Obama to Force United Nations Climate Change Agreement Without Congress Ratification
|The Obama administration’s international climate strategy is likely to infuriate Republican lawmakers who already say the president is abusing his executive authority by pushing through major policies without congressional approval.|
Obama places himself well above the law
“I will ascend above the heights of the clouds; I will be like the most High.” Isaiah 14:14
Obama is going to ram his climate change agreement hoax right down our throats, and just to add insult on top of injury, he is going to sign his illegal document at the United Nations Summit in 2015. You don’t have to be overly keen on “symbolism” to understand what is happening here.
WASHINGTON — The Obama administration is working to forge a sweeping international climate change agreement to compel nations to cut their planet-warming fossil fuel emissions, but without ratification from Congress.
In preparation for this agreement, to be signed at a United Nations summit meeting in 2015 in Paris, the negotiators are meeting with diplomats from other countries to broker a deal to commit some of the world’s largest economies to enact laws to reduce their carbon pollution. But under the Constitution, a president may enter into a legally binding treaty only if it is approved by a two-thirds majority of the Senate.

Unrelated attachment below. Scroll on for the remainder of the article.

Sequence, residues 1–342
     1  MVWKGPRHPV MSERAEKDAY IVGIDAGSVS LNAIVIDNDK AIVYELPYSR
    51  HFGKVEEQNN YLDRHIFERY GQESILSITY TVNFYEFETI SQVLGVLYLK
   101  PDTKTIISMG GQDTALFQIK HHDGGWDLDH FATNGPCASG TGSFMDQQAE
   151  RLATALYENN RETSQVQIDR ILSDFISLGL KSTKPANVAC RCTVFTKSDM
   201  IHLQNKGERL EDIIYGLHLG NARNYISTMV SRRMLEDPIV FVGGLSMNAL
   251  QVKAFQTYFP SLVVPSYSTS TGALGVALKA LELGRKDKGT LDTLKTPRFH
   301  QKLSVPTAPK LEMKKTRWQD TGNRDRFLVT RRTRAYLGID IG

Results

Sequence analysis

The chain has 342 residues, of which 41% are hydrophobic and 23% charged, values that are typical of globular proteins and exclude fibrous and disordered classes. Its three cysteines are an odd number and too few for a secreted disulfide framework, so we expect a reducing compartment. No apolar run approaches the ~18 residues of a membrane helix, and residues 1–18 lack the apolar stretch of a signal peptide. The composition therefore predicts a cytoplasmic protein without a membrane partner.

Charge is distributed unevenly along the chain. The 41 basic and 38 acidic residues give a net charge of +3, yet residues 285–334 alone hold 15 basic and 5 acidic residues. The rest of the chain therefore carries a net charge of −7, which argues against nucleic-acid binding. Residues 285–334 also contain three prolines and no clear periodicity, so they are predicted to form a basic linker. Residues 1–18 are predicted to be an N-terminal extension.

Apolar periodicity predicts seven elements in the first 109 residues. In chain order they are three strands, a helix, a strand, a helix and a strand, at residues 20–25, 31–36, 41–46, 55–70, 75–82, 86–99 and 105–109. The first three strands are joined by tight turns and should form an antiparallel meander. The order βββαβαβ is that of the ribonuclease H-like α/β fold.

To sidestep that requirement, President Obama’s climate negotiators are devising what they call a “politically binding” deal that would “name and shame” countries into cutting their emissions. The deal is likely to face strong objections from Republicans on Capitol Hill and from poor countries around the world, but negotiators say it may be the only realistic path.
In seeking to go around Congress to push his international climate change agenda, Mr. Obama is echoing his domestic climate strategy. In June, he bypassed Congress and used his executive authority to order a far-reaching regulation forcing American coal-fired power plants to curb their carbon emissions. That regulation, which would not be not final until next year, already faces legal challenges, including a lawsuit filed on behalf of a dozen states.
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